“No, no,” Momo said, her eyes darting around. She couldn't believe this was happening. She couldn’t understand how she had gone down to the kitchen for a brownie and now she was having this conversation. “That’s not what I meant, I’m sorry. Forget it, please?”
“Yaoyorozu-san,” Nedzu said, his voice very kind, “I think it would be for the best if you finished what you began to say. Why was this not as bad as before?”
At her continued bewildered silence, Aizawa-sensei stood up from his chair, and crouched in front of Momo. He took her hand in his, and the callouses from his capture weapon pulled against her skin. This was real. This was actually happening. “What happened to you before?”
For a frenzied moment, Momo wondered if this was how Shouto felt all the time, if there was a small space in the pit of his stomach that was constantly at war between fire and ice. It felt like there were two sides of her heart battling for supremacy: the desire to finally, finally tell someone, anyone, and her instinctive need to maintain the balance, to hold her tongue and push through her own shame and humiliation.
Then Aizawa-sensei said softly, “Please, Momo, let us help you.”
It broke her.
Words spilled from her mouth as fast as tears fell from her eyes. She spoke of being very young, of being held down, of holding her silence and grief deep inside. She kept her eyes on Aizawa-sensei as she told him how she had never gone into that guest room again, how she brushed off her mother’s worry when she heard her daughter crying out in the night, and how she had learned to cope with the pain and rage. She saw flickers of anger, sorrow and regret pass his face, but he sat quietly and listened as the sins of the past came pouring out of her in a great flood. Every once in a while, he gently squeezed her fingers. It kept her grounded, and she matched her breath to his.
“Did you ever tell anyone about this before?” Principal Nedzu asked at one point.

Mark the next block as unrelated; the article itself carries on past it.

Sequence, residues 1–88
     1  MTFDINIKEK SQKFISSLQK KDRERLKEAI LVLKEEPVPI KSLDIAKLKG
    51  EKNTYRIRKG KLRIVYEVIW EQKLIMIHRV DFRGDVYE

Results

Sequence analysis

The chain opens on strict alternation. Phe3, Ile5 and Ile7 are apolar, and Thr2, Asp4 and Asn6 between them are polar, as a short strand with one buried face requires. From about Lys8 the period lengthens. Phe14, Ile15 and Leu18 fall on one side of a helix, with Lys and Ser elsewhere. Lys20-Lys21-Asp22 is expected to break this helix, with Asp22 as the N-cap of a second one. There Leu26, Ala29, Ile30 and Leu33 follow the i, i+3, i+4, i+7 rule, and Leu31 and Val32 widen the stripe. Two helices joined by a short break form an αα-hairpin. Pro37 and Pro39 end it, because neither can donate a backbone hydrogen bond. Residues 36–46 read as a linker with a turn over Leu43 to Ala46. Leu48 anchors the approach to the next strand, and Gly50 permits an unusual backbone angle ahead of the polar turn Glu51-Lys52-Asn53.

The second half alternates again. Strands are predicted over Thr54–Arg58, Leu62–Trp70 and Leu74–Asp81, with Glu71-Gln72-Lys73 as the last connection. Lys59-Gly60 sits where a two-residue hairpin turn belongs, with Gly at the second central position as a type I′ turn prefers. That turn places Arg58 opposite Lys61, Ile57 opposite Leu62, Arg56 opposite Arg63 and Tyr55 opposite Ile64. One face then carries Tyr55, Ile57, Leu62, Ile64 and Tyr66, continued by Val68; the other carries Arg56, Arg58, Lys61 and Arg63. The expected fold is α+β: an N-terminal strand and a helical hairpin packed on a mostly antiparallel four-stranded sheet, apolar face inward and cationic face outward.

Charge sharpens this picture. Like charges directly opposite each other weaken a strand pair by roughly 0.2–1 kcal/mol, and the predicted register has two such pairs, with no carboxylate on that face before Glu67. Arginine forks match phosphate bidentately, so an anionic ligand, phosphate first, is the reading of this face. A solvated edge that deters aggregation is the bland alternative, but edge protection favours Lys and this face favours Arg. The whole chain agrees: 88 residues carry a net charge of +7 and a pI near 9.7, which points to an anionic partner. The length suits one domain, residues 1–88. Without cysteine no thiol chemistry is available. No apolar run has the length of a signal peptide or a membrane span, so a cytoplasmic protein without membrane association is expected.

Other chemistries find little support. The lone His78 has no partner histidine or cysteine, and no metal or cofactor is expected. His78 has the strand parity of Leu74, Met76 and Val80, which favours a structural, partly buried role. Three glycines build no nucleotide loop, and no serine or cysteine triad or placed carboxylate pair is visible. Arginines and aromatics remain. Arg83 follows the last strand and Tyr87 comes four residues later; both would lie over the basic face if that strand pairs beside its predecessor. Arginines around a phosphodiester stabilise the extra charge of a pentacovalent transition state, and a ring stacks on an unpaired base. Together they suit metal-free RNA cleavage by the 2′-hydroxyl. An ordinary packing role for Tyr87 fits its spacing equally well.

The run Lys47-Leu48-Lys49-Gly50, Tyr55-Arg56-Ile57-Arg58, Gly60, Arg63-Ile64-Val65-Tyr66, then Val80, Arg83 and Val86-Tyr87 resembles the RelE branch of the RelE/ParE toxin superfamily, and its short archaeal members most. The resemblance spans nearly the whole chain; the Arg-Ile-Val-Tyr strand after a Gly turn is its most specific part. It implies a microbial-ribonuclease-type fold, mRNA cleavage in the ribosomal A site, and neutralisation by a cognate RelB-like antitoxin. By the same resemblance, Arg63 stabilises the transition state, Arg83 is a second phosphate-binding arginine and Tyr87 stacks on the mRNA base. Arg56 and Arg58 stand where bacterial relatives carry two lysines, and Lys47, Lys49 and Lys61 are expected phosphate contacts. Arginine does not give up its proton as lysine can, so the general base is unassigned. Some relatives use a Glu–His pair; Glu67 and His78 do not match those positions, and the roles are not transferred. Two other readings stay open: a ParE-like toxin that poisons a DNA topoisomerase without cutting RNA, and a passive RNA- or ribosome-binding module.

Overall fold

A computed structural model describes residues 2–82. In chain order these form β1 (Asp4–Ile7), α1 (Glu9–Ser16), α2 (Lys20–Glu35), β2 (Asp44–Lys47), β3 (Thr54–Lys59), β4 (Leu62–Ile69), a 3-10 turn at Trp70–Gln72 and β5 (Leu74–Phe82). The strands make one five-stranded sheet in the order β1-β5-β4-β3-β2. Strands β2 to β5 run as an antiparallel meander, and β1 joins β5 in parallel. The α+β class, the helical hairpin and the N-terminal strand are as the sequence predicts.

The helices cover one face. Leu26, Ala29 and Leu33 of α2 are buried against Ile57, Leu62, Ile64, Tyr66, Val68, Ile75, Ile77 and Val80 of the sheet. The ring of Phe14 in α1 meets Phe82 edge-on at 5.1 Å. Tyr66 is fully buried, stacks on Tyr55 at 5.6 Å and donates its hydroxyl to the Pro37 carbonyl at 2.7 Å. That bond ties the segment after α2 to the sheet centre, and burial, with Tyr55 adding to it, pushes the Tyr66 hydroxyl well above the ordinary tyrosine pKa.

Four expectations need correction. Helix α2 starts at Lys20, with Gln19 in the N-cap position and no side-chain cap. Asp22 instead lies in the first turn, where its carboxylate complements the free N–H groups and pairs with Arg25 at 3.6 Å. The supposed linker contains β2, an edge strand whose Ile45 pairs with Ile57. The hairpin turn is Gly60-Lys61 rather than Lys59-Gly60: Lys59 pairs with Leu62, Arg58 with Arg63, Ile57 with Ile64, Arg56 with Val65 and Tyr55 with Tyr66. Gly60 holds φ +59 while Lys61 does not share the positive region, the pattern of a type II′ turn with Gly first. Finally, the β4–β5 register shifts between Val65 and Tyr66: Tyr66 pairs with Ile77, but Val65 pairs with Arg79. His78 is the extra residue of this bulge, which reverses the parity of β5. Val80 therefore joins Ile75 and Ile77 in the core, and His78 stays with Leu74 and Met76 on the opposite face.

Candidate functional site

“No,” she replied. “I didn’t understand, not for a long time, and by the time I did...I was afraid. I was afraid of what it would do to my parents, and how they would see me. And if it got into the media, and it would have, I would have become the poor little rich girl, accusing a good hero for the attention. I’ve seen it happen before. I just...I just couldn’t do it.”
When she had finished, she looked up, and saw that Yagi-sensei was standing with his back to the room, his fists clenched with rage. Without turning around, he grit out, “What’s his name?”
Momo shook her head. “It doesn’t matter. Not now.”
“Momo,” Aizawa said, “it matters a great deal. You said this person is a hero now. We can’t allow him to go unpunished for what he did to you. He can’t hurt you anymore; you don’t have to be afraid of him. We’ll protect you. You'll be safe.”
“You don’t understand,” Momo snapped, slapping the tears off her cheeks angrily. How much could one person cry, anyway? “It doesn’t matter. He’s dead. He died in a car accident two years ago. They held a huge funeral for him, one fit for a hero. I had to go to it with my parents. Apparently the service was very moving; he had done so much for the world.”
A slamming noise startled her, and Momo turned and saw that Yagi-sensei had driven his fist through a wall. “Toshi, out,” Principal Nedzu said sternly. “Now.”
Yagi-sensei turned around, blood dripping from his hand. “I apologize, Yaoyorozu-san. I’m sorry for frightening you, and I’m sorry for your suffering. You don’t deserve it; you should have been protected.” He bowed, startling her even more, then left the room.
There was silence then, and Momo turned to Principal Nedzu. “What’s going to happen now?”